The White House, Federal Reserve and Wall Street lobbyists are kicking up their opposition to an amendment to audit the Fed as a Senate vote approaches, Sen. Bernie Sanders (I-Vt.), the lead sponsor of the measure, said on Monday.
Banking Committee Chairman Chris Dodd (D-Conn.), who is shepherding the bill through the Senate, told Sanders Monday afternoon that "there's a shot we'll be up tomorrow," Sanders told HuffPost.
In the spring of 2009, Sanders brought a similar amendment to the Senate floor and won 59 votes. Eight senators who voted against it then are now cosponsors of his current measure.
"I think momentum is with us. But I've gotta tell you, that on this amendment, you're taking on all of Wall Street, you're taking on the Fed, obviously, and unfortunately you seem to be taking on the White House, as well. And that's a tough group to beat," said Sanders.
He's been trading calls, he said, with Rahm Emanuel, the White House chief of staff.
Earlier on Monday, HuffPost reported that former Fed Chairman Alan Greenspan wanted dissent kept secret so that people outside the Fed wouldn't involve themselves in their debates.
"We run the risk, by laying out the pros and cons of a particular argument, of inducing people to join in on the debate, and in this regard it is possible to lose control of a process that only we fully understand," Greenspan said, according to the transcripts of a March 2004 meeting. "I'm a little concerned about other people getting into the debate when they know far less than we do."
Sanders said that Greenspan's comments are all the more reason for an audit. "I think it just adds a lot of weight to what we are trying to do," Sanders said. "It just points to the fact that if there was more transparency then it in fact would have allowed the debate to take place about the subprime mortgage [sic] unfolding crisis at that point. It may have prevented the horrendous recession that we're in now and the near collapse of the financial institutions."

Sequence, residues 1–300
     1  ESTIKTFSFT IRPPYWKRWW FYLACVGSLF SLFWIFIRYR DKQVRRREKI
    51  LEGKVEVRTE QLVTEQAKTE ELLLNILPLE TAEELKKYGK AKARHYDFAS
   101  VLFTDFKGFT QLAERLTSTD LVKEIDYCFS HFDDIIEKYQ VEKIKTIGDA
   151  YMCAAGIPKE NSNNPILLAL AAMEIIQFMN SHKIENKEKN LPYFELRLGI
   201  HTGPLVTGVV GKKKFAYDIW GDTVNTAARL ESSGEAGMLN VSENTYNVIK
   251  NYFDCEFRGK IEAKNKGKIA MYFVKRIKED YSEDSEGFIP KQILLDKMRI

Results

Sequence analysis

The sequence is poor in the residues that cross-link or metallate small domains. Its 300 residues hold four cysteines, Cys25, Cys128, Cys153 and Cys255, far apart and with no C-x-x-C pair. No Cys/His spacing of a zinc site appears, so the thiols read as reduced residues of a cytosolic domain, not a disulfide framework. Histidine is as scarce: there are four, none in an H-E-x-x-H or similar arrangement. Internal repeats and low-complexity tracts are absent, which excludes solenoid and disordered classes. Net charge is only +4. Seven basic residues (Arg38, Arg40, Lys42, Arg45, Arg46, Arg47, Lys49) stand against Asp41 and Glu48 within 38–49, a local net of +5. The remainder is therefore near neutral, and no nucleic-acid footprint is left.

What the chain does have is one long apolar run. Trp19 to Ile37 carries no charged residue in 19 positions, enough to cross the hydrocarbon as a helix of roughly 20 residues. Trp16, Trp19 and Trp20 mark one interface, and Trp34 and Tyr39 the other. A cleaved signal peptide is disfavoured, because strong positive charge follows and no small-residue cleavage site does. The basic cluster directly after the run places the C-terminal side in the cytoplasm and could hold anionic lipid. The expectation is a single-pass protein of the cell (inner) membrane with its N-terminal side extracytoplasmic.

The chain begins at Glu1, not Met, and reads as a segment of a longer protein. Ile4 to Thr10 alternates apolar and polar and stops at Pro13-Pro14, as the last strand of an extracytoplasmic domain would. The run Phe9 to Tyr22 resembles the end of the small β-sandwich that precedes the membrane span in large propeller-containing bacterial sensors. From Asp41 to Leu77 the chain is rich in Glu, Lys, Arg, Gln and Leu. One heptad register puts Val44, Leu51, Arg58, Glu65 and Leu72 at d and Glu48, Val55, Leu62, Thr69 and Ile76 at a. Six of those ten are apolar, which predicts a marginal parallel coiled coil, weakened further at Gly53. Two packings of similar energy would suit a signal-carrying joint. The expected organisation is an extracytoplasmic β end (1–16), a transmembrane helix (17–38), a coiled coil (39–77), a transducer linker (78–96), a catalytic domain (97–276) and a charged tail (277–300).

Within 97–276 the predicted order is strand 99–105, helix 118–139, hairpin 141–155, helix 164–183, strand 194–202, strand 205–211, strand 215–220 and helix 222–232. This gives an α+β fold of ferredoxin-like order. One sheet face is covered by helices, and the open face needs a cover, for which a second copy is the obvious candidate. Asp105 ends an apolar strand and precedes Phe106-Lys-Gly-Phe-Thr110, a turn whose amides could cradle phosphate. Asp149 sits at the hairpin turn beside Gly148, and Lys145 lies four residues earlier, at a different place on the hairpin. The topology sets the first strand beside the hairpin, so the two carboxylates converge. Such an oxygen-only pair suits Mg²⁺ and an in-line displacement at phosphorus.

Democratic leadership has yet to decide if an amendment will need 51 or 60 votes for passage, but Sanders said he thought the decision would be made to go with 60.
On April 2, 2009, 59 senators voted for the Sanders-Webb-Bunning-Feingold Amendment that would open the Fed to an audit. Then-Sen. Ted Kennedy (D-Mass.) did not vote and there are indications that his replacement, Sen. Scott Brown (R-Mass.), is supportive.
Meanwhile, eight of the 39 no votes have since signed on to a Sanders bill to audit the Fed or the amendment that will come up: Sens. John Barrasso (R-Wy.), Bob Bennett (R-Utah), Saxby Chambliss (R-Ga.), Thad Cochran (R-Miss.), Orrin Hatch (R-Utah), Johnny Isakson (R-Ga.), Lisa Murkowski (R-Alaska), and Roger Wicker (R-Miss.).
Sen. Mel Martinez (R-Fla.) voted no, but has since been replaced by Republican Sen. George LeMieux.
With Brown, the Sanders amendment would have 69 votes. It has already passed the House of Representatives.
The Yes votes in Arpil 2009 (59)
The no voters who have since signed on to an audit (8)
The no voters who have not signed on to an audit and are still in the Senate (30)